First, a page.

I run my own business so I have some flexibility with time and am able to help my wife at home during our children’s online classes. We make sure that they are seated at the dining table where we can peek at their screens and monitor to see what they are doing every now and then. Kids will be kids, so if they are unsupervised, they would probably be on YouTube or browsing the Internet, instead of paying attention to their teachers. So it is our responsibility to ensure that they are focused. Our children are aged 11, eight and five. From 8am to 2pm, they learn on their devices. Some days, my daughter, who is the eldest, has to get back online for tuition classes. During the short breaks in between their six to seven hours of being glued to the screen, my daughter likes to chat with her mother while the boys play football. After classes, they either watch some television shows, join in our exercises or just nag their parents to death. Now that the year-end exams are over and school holidays have begun, we let them use the tablets for leisure but usage time is strictly controlled. Initially, they used to get hooked on their tablets and it was very difficult to communicate with them. Drastic measures were taken and they were all banned from using their devices. This got them onto other habits such as reading, playing games and sports. It was one of the best decisions we made. Now my children are quite disciplined with their gadgets. If they are allowed an hour on their gadgets, they switch them off when it’s time to do so. If they throw tantrums, they will not be allowed screen time the next day.
Managing director and managing editor Gunaprasath Bupalan, 42
There are times when my son, 16, and daughter, 12, are too focused on their devices until they are not aware of their surroundings. My wife and I try to limit their screen time and engage in conversation with them while they are on their devices. We would also sometimes watch whatever they are watching and turn it into a family affair. They will put away their devices if told to. I don’t have to monitor what is going on during lessons. My son is very disciplined in terms of his school work. He is independent and liaises with the school for all his virtual classes. The younger one needs a bit more encouragement and we need to make sure she gets up on time for her online classes and hands in her homework. On normal school days, we limit their use of the devices and when the exams draw nearer, the time is shortened. My wife and I get them to do household chores and encourage them to bake, cook and prepare meals by themselves just so they wouldn’t spend so much time on their devices. Some of their favourite activities include drawing and colouring.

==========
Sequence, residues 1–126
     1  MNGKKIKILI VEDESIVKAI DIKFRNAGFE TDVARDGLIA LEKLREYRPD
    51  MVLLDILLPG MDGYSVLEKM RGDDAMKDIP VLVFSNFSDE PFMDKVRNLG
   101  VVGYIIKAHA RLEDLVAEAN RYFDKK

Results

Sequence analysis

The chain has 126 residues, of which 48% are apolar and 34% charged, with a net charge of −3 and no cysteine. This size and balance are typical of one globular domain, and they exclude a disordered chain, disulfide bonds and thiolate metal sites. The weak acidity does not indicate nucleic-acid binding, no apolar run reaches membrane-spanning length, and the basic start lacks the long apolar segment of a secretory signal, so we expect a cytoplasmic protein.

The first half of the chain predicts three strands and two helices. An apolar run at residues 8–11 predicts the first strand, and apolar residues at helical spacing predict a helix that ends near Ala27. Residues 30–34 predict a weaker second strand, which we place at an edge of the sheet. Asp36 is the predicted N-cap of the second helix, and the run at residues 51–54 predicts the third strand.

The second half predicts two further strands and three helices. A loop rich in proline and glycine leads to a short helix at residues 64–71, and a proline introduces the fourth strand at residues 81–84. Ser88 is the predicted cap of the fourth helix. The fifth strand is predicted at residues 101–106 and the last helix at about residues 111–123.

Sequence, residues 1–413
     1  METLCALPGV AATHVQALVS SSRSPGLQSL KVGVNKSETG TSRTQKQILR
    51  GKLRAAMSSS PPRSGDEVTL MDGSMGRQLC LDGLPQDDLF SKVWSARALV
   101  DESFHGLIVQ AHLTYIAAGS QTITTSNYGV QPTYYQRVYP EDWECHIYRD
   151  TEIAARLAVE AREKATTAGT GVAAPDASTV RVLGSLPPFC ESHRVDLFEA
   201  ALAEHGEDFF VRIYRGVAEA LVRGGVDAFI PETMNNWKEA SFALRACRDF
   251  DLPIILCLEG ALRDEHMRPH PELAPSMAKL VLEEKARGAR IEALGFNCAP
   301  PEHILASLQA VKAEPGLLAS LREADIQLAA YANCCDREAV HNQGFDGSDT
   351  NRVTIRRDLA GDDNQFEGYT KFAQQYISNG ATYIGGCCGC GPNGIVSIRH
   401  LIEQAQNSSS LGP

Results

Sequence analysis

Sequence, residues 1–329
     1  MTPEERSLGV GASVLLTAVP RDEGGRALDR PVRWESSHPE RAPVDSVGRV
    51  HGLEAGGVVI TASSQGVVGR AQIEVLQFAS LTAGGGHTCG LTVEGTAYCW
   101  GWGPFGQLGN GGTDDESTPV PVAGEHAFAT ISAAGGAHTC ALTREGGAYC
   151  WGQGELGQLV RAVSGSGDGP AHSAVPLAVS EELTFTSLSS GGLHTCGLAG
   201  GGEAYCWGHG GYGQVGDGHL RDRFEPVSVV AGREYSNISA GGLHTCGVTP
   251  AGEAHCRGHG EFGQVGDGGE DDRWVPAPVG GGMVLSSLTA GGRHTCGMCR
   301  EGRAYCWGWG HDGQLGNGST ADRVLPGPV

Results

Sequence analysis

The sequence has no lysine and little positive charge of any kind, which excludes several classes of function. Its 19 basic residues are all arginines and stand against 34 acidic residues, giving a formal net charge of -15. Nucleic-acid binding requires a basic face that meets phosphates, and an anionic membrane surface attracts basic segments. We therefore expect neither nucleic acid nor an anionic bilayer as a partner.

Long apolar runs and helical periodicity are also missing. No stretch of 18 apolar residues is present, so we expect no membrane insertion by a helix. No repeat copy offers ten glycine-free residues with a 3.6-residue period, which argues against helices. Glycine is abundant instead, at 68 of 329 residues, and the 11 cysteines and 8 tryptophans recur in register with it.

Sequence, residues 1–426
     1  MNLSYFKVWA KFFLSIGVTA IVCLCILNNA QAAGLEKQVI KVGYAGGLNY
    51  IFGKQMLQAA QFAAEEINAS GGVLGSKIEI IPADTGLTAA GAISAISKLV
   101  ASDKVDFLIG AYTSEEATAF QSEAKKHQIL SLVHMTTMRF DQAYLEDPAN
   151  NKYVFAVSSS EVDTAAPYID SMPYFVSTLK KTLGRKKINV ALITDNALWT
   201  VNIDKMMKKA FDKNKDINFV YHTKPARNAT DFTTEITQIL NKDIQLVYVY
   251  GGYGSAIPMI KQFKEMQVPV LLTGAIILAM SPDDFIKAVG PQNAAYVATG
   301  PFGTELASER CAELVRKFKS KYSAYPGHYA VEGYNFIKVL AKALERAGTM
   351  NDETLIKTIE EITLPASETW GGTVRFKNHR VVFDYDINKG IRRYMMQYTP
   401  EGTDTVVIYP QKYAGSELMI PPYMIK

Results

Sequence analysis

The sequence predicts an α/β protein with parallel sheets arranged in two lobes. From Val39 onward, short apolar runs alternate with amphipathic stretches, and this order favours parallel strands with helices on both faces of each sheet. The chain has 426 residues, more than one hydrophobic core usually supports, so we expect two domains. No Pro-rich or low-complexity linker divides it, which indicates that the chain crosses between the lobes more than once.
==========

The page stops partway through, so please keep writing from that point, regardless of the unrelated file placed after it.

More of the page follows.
Book publisher Sheikh Faisal Sheikh Mansor, 46
Only my youngest, aged 12, is still in school and I monitor what she’s doing when she’s on her laptop. The laptop is usually set up in the dining area so I am aware of what is going on. I also teach her myself as there are limitations to online classes. I know her teachers are trying their best to make the lessons interesting but I have to monitor her progress and at times, I do give her extra revision. Neither she nor my other two children who are in their early 20s, are hooked on their devices but I am worried about their eyesight as they are still exposed to a lot of screen time. I restrict my youngest daughter’s usage by telling her to put her laptop away after a certain period. My children help me at home, read, play with the dog or spend some time outdoors at the park when they are not on their devices.
Homemaker Visalatchi Supramaniam, 48
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